Until a very recent period, dog worms were thought to be of a spontaneous origin, brought about by the influence of heat upon decaying vegetable matter, and it was and still is freely asserted that puppies are born with dog worms inherited from the mother in some mysterious manner while still in uterus. This has been conclusively proven an error and in the minds of all scientists there is no question about dog worms springing from individual eggs and having a complete life history of their own.
The principal worm species with which dog owners have to contend are round worms and tape worms. The first named commonly infest puppies and consequently are most dreaded by breeders. In shape and size these worms resemble common angle worms, but in color are lighter, being almost white or only a pale pink.
In adult dogs these worms, when full grown, are from three to seven inches long. In puppies they are about half that length, and as thick as common white string. Round worms live in the small intestines, sometimes coiled in such masses as to obstruct the passage, and occasionally they wander into the stomach or are passed by the bowels.
It is easy to understand that when one dog in a kennel is infected with worms, millions of eggs will be passed with the feces. These are scattered all over the floors, bedding, feeding and drinking pans. They get on the dog’s coat, are licked off and swallowed and in numbers of ways gain entrance to the digestive tracts of other dogs, where they soon hatch out and in ten days are fully developed.
This rapid development account for the popular belief that puppies are born with worms, for breeders who have held post-mortems on puppies scarcely ten days old and have found in their stomachs fully developed round worms could account for their presence in no other way. They overlooked the fact that the prospective mother, confined in a kennel infested with worms, would get these eggs attached to her coat, belly and breasts, and the young, as soon as born, would take these eggs into their stomachs with the first mouthfuls of milk.
Dog worms are responsible for so much sickness and so many symptoms that it is practically impossible to mention all of them, but their presence can safely be suspected in all dogs which have not been recently treated for them, as well as in cases where the patient is run down, unthrifty and out of sorts.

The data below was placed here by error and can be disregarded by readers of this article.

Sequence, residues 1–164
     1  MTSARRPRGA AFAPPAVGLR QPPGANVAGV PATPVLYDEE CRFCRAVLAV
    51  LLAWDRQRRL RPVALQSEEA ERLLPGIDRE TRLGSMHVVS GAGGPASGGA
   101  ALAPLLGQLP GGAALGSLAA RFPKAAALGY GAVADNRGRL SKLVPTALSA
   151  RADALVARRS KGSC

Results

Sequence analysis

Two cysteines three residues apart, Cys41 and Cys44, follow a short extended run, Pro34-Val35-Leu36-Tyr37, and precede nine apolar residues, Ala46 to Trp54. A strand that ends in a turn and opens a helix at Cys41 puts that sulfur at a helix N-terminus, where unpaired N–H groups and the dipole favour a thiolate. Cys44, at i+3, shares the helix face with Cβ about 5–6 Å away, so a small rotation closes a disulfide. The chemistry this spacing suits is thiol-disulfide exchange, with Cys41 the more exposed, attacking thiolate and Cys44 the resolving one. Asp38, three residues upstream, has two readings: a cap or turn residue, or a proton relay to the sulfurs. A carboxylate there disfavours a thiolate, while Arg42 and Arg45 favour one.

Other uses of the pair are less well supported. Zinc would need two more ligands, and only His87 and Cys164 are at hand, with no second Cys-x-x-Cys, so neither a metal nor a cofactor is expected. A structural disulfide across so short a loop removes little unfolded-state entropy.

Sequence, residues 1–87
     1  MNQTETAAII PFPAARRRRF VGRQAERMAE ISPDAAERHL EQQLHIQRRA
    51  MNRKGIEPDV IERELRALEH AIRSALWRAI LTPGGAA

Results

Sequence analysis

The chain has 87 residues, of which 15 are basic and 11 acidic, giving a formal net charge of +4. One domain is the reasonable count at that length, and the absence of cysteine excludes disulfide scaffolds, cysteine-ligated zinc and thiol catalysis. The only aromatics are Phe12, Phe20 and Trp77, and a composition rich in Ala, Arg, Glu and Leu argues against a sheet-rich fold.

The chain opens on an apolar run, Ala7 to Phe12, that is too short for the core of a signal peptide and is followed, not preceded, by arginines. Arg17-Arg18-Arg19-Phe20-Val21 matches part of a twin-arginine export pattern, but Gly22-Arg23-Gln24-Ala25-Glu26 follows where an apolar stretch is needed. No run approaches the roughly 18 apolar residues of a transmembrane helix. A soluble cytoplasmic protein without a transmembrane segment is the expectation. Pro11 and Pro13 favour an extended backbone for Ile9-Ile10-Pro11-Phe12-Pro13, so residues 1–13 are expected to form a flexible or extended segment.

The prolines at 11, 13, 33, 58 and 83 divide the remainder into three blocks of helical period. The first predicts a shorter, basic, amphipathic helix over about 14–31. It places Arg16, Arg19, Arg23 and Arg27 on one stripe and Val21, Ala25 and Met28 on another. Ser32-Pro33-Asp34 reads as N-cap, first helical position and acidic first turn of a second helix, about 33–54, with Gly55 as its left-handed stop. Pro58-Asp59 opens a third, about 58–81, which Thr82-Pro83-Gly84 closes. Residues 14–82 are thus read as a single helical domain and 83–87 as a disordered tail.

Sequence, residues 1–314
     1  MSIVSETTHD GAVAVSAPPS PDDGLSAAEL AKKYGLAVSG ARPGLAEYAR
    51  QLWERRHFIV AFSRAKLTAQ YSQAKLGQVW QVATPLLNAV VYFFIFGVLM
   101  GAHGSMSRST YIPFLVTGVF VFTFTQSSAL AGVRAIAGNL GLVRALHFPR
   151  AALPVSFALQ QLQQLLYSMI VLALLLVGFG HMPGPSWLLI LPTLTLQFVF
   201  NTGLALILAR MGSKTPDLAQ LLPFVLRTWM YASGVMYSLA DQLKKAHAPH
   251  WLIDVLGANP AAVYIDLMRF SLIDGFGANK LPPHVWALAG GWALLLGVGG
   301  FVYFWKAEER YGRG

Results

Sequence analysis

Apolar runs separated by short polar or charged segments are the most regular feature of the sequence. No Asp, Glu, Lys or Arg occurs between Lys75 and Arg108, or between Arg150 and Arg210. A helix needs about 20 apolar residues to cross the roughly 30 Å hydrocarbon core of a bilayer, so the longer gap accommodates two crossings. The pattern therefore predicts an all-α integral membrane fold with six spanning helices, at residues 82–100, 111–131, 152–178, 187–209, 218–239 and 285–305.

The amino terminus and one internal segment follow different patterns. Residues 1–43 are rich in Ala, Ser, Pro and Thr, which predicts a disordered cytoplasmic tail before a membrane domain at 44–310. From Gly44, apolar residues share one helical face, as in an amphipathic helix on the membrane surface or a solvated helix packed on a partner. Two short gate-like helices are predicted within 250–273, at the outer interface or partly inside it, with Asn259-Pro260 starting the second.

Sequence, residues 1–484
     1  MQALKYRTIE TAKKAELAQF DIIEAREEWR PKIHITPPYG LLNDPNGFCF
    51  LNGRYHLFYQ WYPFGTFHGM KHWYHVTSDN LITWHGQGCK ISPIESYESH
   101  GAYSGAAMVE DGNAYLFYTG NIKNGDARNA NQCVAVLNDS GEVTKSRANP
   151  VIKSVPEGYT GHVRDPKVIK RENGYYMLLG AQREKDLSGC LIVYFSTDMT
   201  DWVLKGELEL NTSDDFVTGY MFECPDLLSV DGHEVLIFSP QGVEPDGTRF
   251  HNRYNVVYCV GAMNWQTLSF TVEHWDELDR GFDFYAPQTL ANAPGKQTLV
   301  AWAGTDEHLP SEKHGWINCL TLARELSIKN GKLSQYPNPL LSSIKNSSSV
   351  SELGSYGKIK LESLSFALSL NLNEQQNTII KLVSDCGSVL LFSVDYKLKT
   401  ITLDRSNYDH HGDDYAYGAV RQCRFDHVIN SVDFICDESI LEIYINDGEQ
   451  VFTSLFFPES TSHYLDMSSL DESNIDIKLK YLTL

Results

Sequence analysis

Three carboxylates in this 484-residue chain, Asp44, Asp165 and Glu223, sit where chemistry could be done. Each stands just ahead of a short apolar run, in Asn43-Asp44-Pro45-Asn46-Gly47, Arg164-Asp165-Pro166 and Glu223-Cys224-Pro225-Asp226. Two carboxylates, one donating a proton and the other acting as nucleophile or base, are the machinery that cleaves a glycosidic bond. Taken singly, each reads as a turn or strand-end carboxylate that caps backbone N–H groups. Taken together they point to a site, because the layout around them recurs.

Other symptoms are a hot, dry nose, weak, watery eyes, pale lips and gums, foul breath, mean hacking cough and a red, scurfy, pimply or irritated condition of the skin and harsh, dry, staring coat that is constantly being shed.
Wormy dogs sometimes have a depraved appetite and will eat dirt and rubbish. Some days they are ravenously hungry, the next day they will not eat at all; their sleep is disturbed by dreams and intestinal rumbling, the urine is high colored and frequently passed, bowels irregular, stomach easily unsettled, watery mucus is frequently vomited and the mouth is hot, sticky and full of ropy saliva.
Puppies which are full of worms bloat easily and are pot-bellied. After feeding their stomachs distend disproportionately to the amount of food consumed. Their bodies are also subject to scaly eruptions and their bowels to colicky pains; they do not grow as rapidly as healthy puppies should and instead of playing with each other they curl up and sleep hour after hour; they get thinner, weaker and more lifeless from day to day and if they do not waste away or die in fits and convulsions with frothing at the mouth and champing of the jaws, grow up coarse-jointed, rickety and misshapen. Puppies with worms are also liable to paralysis of their rear limbs and on removal of the worms the puppies regain control of the affected parts.
A wormy dog is usually an unhealthy and unhappy dog who leads a miserable life. It could even be deadly, especially so for young puppies. Bring your dog to a veterinarian if you are unsure. Your dog will certainly thank you for that.
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